Over the years, I’ve met many people who have devoted a good deal of time and effort to preserving the work of another. I am also included in this group. What drives someone to do this? Often it’s the work of a family member, or sometimes a teacher or an idol. Though altruistic, these projects are also inherently personal, and I am curious about what makes someone take on such a task.
I was recently contacted by Shepherd Myers, son of photographer and former SoHo resident Stephen Myers. Shepherd told me he had begun scanning his elderly father’s thousands of negatives, some of which documented SoHo streets in the 1970s, while we were all in quarantine in 2020 and that he was looking to preserve and publicize this body of work, especially unprinted and unpublished photos. Coincidentally, that same week I had met with Mariana Hellmund, daughter of photographer and former SoHo resident Isabel Barton, who is looking to do the same thing for her mother’s work from the same time period. “I would like [the photographs] to be shared and I would like to be able to tell the universal story of the choice to pursue a life of art and the consequences that it has,” Mariana tells me. “I think that’s an interesting thing to explore.”
In addition to wanting the world to remember their parents’ work on SoHo, SoHo also figures in both Shepherd and Mariana’s identities. Shepherd was born after his parents had left SoHo for rural New York, and Mariana lived in SoHo for a year and a half as a child before her mother moved her, and her older brother Gill, to an idyllic country setting in Sundown NY, which Mariana describes as “a mere crossroads, not even a town, about an hour north of Woodstock, NY.” SoHo, specifically SoHo in the 1970s, is nevertheless part of who they are as adults.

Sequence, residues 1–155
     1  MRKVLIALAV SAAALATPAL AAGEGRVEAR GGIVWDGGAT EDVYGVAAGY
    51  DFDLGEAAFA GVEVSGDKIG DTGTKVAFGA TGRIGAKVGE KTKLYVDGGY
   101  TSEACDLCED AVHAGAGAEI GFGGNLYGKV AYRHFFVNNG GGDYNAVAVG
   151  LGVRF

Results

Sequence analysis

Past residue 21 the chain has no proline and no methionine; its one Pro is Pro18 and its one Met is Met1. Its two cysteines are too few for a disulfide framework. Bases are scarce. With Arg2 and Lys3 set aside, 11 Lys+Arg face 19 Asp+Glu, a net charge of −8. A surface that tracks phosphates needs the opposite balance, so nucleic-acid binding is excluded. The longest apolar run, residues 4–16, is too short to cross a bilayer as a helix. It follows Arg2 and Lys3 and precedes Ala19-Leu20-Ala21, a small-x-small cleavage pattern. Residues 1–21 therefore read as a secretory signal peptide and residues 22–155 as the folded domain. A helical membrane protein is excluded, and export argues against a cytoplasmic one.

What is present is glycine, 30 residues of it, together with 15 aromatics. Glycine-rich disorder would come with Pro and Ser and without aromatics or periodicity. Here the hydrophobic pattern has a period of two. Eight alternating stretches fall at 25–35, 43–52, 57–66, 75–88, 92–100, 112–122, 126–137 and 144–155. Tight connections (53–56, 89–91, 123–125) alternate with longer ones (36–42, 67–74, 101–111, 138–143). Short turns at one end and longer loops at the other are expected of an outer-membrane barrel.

Shepherd, an entomologist who once managed one of the world’s largest insect collections, is approaching his project as a cataloger. “My father is now 80 and the organization of material is more pressing than ever,” he says. Mariana is a filmmaker, and her approach is through storytelling, creating flowing narratives through the arrangement of photographs overlaid with her mother’s firsthand accounts. When we met, Mariana showed me a selection of her mother’s work while narrating her immigration story from Venezuela to New York.
Isabel Barton was an upper-class housewife in Venezuela when her husband gave her a Leicaflex camera on the day their daughter Mariana was born. From that day forward, Isabel became a photographer. While still in Venezuela, she studied photography through a mail correspondence class created by master American photographers (among them, Ezra Stoller, Frank Lloyd Wright’s photographer, who later became her mentor). She then left her privileged life in Venezuela and enrolled at The School of Visual Arts in New York City where she studied with SoHo photographer Andrew “Cosmos” Sarchiapone.
The photographs Mariana is seeking to preserve cover the years when she lived in Venezuela, New York City and Sundown, between 1973 – 1984, all taken between around 1973-1982. Mariana explains why there are so many more SoHo photos: